SORBENTS FOR REMOVAL OF ARSENIC AND HEAVY METALS
Department of Health and Human Services
Agency Tracking Number:
Solicitation Topic Code:
Small Business Information
ADA TECHNOLOGIES, INC.
ADA TECHNOLOGIES, INC., 8100 SHAFFER PKY, STE 130, LITTLETON, CO, 80127
Socially and Economically Disadvantaged:
AbstractDESCRIPTION (provided by applicant): In response to the recent Environmental Protection Agency (EPA) announcement that affirmed a national standard for maximum arsenic content in drinking water of 10 parts per billion (ppb), ADA Technologies, Inc. is proposing to develop and commercialize a novel, low-cost sorbent for the removal of arsenic and other heavy metals from drinking water. ADA has assembled a project team with a complementary mix of experience and skills to develop the sorbent and to package it for use in small and large-scale water treatment systems. The sorbent will combine novel technology from ADA to chemically amend a substrate clay material to increase its capacity for arsenic with emerging technology from Texas A&M to bind the clay to sand or other materials that increase the porosity of the sorbent and allow its use in water treatment. The Texas A&M technology has been developed with funding from the NIEHS under the Superfund Basic Research Program (SBRP), addressing one of the recommendations in the solicitation to which this proposal responds. The expertise of CH2M-Hill, an internationally known architect/engineering firm, will be tapped to package the novel sorbent in configurations that are amenable to use in commercial-scale water treatment systems. The overall goal of the project is to demonstrate the cost-effective removal of arsenic from groundwater using the amended clay sorbent technology. Specific activities include the preparation of several variants of the new sorbent, completion of laboratory tests to optimize the formulation, design and fabrication of prototype hardware in two sizes, and ten-month field trials of both pilots on arsenic-contaminated waters in Colorado's San Luis Valley, an area with arsenic content in excess of the new EPA standard.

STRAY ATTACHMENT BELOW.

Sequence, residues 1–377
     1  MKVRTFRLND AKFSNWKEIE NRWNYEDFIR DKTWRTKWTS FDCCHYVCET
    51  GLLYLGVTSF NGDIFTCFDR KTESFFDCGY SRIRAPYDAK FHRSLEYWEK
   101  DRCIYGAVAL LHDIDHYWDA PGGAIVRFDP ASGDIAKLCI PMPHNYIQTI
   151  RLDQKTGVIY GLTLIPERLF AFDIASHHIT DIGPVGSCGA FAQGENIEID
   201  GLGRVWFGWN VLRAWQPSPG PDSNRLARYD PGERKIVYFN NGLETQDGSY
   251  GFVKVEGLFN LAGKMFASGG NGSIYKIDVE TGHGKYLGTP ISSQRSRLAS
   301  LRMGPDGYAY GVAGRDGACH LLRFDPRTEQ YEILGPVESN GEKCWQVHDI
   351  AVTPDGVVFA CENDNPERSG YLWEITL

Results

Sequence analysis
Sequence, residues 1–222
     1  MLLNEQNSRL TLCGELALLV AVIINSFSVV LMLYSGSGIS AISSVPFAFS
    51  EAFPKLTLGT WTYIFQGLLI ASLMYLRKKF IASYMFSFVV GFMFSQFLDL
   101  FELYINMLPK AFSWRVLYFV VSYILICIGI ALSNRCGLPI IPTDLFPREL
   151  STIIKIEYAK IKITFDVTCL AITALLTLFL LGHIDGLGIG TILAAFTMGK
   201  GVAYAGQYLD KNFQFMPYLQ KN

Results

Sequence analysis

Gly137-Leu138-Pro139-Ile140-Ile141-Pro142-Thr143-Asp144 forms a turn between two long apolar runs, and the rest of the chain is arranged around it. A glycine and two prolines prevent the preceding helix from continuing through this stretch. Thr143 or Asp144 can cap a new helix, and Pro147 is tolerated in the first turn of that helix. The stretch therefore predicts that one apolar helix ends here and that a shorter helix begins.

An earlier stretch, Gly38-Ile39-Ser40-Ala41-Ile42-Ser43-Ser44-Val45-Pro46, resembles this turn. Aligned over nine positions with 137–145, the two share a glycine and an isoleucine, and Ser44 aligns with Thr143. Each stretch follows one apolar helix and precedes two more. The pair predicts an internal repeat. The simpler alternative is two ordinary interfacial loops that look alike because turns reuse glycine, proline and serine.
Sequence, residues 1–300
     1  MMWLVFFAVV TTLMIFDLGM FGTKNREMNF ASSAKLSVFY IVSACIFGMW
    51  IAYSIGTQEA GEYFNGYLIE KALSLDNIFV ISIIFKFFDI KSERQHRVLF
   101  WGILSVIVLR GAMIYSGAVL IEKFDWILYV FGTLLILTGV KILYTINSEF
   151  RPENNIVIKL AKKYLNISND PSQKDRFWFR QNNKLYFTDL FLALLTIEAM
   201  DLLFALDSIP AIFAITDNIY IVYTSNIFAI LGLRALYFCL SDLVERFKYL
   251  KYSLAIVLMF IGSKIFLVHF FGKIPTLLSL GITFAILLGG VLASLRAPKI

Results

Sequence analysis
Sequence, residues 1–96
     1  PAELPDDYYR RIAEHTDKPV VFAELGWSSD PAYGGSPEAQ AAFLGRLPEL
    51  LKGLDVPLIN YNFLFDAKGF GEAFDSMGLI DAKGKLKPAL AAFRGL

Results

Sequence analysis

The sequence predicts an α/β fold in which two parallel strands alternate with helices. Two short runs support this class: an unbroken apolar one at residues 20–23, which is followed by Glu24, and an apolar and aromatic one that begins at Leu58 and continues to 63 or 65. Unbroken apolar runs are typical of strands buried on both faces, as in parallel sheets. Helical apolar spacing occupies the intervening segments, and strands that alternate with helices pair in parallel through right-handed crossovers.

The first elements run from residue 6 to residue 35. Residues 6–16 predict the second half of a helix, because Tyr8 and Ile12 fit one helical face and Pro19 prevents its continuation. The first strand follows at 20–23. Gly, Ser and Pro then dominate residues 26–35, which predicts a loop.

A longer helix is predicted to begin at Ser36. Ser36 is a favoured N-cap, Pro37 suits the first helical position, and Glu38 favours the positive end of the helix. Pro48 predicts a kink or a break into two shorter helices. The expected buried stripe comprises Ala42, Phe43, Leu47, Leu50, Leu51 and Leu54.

* information listed above is at the time of submission.